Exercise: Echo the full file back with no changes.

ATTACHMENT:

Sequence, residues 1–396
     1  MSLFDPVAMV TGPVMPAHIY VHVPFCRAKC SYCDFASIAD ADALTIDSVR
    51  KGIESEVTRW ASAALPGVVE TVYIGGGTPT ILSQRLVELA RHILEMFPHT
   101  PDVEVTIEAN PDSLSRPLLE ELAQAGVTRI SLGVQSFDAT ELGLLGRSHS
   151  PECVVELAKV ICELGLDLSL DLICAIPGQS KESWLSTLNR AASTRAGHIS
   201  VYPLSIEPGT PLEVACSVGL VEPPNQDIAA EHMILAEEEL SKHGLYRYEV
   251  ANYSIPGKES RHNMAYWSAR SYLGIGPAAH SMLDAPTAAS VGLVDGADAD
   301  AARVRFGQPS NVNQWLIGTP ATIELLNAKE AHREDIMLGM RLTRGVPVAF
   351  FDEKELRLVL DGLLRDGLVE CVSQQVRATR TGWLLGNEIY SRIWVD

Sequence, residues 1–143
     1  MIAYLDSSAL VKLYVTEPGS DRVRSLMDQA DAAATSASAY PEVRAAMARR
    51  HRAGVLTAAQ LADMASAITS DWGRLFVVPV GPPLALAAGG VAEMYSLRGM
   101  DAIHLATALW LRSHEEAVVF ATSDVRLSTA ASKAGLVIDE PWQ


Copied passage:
Sequence, residues 1–396
     1  MSLFDPVAMV TGPVMPAHIY VHVPFCRAKC SYCDFASIAD ADALTIDSVR
    51  KGIESEVTRW ASAALPGVVE TVYIGGGTPT ILSQRLVELA RHILEMFPHT
   101  PDVEVTIEAN PDSLSRPLLE ELAQAGVTRI SLGVQSFDAT ELGLLGRSHS
   151  PECVVELAKV ICELGLDLSL DLICAIPGQS KESWLSTLNR AASTRAGHIS
   201  VYPLSIEPGT PLEVACSVGL VEPPNQDIAA EHMILAEEEL SKHGLYRYEV
   251  ANYSIPGKES RHNMAYWSAR SYLGIGPAAH SMLDAPTAAS VGLVDGADAD
   301  AARVRFGQPS NVNQWLIGTP ATIELLNAKE AHREDIMLGM RLTRGVPVAF
   351  FDEKELRLVL DGLLRDGLVE CVSQQVRATR TGWLLGNEIY SRIWVD

Sequence, residues 1–143
     1  MIAYLDSSAL VKLYVTEPGS DRVRSLMDQA DAAATSASAY PEVRAAMARR
    51  HRAGVLTAAQ LADMASAITS DWGRLFVVPV GPPLALAAGG VAEMYSLRGM
   101  DAIHLATALW LRSHEEAVVF ATSDVRLSTA ASKAGLVIDE PWQ